SMCC has the following short and long term projects in place to assist with the development of our mission.
- CUSTER GALLATIN NATIONAL FOREST PLANNING
- CLIMBER ACCESS TRAIL DEVELOPMENT AND MAINTENANCE
- PUBLIC LAND ACCESS EASEMENTS AND MOUs
- HARDWARE REPLACEMENT PROGRAM
- MEMBER OF OUTDOOR ALLIANCE MONTANA
CUSTER GALLATIN NATIONAL FOREST PLANNING
The Custer Gallatin National Forest is currently drafting a plan to guide forest management for the next 20-30 years. At stake are things like recreation access, infrastructure development and maintenance (including trails), permitting for guides, outfitters and educational groups, new scenarios for stewardship and forest partnerships, and land conservation. SMCC is working on the forest plan revision with our Outdoor Alliance Montana partners and together we’re advocating for a forest plan that balances and protects outdoor recreation, wild places, and wildlife. As climbers, we are particularly interested in maintaining winter access to Hyalite Canyon, designating Hyalite and Gallatin Canyons as “recreation emphasis areas”, and continued opportunities to work with the Forest Service on stewardship projects and to address site-specific climbing management issues. In addition, we support the Gallatin Forest Partnership Agreement, which protects the Gallatin Range and preserves the spirit of adventure that climbers find in Hyalite Canyon even as use continues to increase. To learn more about the forest plan revision, and to submit a comment, join us at MAP Brewing on May 23 from 5-8pm, or visit the Custer Gallatin Forest Plan Revision website. Also co-hosted by Winter Wildlands Alliance.
CLIMBER ACCESS TRAIL DEVELOPMENT AND MAINTENANCE
SMCC organizes volunteer trail days throughout the year, in cooperation with National Forest Service and Bureau of Land Management agencies. We maintain a database of these trail systems for use by the agencies. If you would like to organize a trail maintenance day, please contact us!
The following trail days are planned for the summer of 2020:
- June 24 – Gallatin Tower trail maintenance
- Meet at the Tower parking pullout at 6pm, we will work until dusk. SMCC will supply tools, please bring your own gloves.
- July 22 – Practice Rock trail maintenance
- Meet at the Practice Rock parking area at 6pm, we will work until dusk. SMCC will supply tools, please bring your own gloves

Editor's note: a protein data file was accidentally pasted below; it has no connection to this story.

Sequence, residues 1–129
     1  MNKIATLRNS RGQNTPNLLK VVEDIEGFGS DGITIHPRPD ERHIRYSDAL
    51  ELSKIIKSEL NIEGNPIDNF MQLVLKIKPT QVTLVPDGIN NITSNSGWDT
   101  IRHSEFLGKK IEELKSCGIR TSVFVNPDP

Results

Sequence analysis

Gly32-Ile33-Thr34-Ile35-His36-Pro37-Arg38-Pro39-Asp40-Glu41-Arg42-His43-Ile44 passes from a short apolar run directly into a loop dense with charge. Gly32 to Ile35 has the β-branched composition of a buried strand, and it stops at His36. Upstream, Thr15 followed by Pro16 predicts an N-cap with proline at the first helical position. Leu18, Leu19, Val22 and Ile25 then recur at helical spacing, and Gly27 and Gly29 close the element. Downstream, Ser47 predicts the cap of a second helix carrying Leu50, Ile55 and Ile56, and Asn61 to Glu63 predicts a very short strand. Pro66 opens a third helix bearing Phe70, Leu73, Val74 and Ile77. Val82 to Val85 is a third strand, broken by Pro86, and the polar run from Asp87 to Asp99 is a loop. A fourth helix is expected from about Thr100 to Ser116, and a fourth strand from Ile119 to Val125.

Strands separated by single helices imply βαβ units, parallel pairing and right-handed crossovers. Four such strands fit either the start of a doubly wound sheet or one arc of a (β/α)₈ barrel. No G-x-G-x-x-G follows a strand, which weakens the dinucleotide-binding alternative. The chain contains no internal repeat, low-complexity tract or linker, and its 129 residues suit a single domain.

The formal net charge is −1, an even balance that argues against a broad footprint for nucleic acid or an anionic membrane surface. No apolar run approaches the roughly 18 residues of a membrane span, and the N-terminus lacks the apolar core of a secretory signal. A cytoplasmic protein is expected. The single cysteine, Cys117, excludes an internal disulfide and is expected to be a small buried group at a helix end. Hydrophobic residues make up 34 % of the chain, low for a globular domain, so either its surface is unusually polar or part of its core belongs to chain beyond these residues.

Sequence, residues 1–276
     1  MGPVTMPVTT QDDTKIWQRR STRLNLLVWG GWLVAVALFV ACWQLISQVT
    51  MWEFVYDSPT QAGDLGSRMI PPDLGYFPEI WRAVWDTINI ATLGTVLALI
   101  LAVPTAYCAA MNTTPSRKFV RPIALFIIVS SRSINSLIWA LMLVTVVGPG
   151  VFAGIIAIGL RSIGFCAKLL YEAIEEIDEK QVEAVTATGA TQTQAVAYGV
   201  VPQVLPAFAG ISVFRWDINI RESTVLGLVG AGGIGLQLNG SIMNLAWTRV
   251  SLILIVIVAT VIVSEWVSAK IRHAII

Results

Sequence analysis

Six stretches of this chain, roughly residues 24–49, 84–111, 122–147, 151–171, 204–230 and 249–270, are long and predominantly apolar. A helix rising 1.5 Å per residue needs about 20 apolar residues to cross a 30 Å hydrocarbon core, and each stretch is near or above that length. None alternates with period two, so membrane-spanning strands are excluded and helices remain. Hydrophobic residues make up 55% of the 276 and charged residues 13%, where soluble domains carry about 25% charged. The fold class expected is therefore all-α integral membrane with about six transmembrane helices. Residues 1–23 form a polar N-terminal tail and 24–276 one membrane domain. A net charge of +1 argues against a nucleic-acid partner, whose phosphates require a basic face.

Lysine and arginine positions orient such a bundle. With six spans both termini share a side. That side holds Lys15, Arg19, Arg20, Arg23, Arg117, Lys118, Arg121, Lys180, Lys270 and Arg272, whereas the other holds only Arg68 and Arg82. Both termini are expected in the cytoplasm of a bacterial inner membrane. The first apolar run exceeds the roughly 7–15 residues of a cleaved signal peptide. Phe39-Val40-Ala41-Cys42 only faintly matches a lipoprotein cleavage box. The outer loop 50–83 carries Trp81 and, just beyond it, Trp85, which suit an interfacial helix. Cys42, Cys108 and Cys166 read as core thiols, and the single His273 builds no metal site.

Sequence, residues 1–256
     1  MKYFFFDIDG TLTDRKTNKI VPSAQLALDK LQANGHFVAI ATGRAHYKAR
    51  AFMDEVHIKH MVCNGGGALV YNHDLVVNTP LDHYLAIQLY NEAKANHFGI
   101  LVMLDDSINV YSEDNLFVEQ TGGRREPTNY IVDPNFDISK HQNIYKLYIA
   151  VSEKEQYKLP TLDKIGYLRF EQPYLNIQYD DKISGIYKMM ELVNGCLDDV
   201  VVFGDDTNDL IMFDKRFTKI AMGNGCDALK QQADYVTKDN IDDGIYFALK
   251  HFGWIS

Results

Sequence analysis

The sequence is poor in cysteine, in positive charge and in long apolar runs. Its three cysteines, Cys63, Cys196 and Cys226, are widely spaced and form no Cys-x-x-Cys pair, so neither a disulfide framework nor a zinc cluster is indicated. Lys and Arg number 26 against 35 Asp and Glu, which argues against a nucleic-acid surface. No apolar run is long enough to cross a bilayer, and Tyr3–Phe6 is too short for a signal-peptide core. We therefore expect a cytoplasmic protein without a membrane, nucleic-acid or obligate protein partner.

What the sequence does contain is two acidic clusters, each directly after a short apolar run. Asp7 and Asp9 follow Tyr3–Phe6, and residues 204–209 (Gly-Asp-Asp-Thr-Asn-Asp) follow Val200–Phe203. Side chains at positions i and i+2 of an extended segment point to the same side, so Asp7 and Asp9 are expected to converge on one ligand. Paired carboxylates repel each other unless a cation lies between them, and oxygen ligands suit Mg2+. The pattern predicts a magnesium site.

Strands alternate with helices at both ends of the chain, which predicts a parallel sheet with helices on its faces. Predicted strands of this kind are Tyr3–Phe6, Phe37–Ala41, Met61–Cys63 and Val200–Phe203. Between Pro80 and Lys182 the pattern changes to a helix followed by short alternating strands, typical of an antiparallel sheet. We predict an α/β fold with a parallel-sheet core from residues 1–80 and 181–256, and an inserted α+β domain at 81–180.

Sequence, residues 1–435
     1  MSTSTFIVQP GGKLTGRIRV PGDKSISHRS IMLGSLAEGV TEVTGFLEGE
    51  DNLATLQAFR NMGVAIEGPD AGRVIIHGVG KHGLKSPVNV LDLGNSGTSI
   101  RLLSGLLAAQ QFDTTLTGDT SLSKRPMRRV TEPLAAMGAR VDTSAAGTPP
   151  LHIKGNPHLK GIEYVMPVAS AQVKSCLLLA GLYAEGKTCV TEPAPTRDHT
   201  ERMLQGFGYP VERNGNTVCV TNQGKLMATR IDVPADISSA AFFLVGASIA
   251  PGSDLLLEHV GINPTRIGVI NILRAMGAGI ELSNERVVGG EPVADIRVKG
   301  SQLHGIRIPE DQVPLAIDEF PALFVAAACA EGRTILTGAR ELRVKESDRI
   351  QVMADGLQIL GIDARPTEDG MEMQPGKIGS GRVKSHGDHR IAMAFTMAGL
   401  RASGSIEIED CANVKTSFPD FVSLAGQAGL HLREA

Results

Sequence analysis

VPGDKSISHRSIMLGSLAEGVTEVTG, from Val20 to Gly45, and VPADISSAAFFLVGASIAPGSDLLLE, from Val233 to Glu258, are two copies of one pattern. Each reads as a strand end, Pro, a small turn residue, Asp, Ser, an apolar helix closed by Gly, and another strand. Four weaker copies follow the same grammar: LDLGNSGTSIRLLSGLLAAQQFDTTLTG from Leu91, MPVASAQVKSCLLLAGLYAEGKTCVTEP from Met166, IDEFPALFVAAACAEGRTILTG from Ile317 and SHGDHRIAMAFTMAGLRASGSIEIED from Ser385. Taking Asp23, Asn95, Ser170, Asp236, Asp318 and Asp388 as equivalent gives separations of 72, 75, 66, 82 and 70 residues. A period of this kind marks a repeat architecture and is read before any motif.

- August 26 – Bozeman Pass trail maintenance
- Meet at the Bozeman Pass parking area at 6pm, we will work until dusk. SMCC will supply tools, please bring your own gloves.
- September 23 – Scorched Earth trail maintenance
- Meet at the Scorched Earth parking area at 6pm, we will work until dusk. SMCC will supply tools, please bring your own gloves.
- Mill Creek trail maintenance day, TBD
- Please contact SMCC if you would like to help organize this event
- Allenspur trail maintenance and trash pickup day, TBD
- Please contact SMCC if you would like to help organize this event
PUBLIC LAND ACCESS EASEMENTS AND MOUs
ALLENSPUR CRAG ACCESS EASEMENT 05/17/2019: SMCC maintains a easement that allows access across privately owned property to the Allenspur crag south of Livingston. The easement exists in perpetuity so long as SMCC exists.
FROG ROCK ACCESS TRAIL MOU (Memorandum of Understanding): SMCC maintains an MOU with the Custer Gallatin National Forest specifying our custodial obligation to maintain the condition of the trail.
HARDWARE REPLACEMENT PROGRAM
The mission of SMCC is to secure, protect, and maintain climbing resources. To achieve such objectives, this all-volunteer organization encourages responsible stewardship for those that use the land, trails, and rock in southwest Montana. On the behalf of all climbers, SMCC volunteers negotiate with landowners, work with government land managers, and build and improve climbing trails. These efforts are part of SMCC’s primary focus to ensure that climbers maintain the reputation as responsible, self-maintaining users of public and private land. Toward that end, SMCC is launching a new program in 2019 to replace potentially dangerous, permanent hardware on established climbing routes.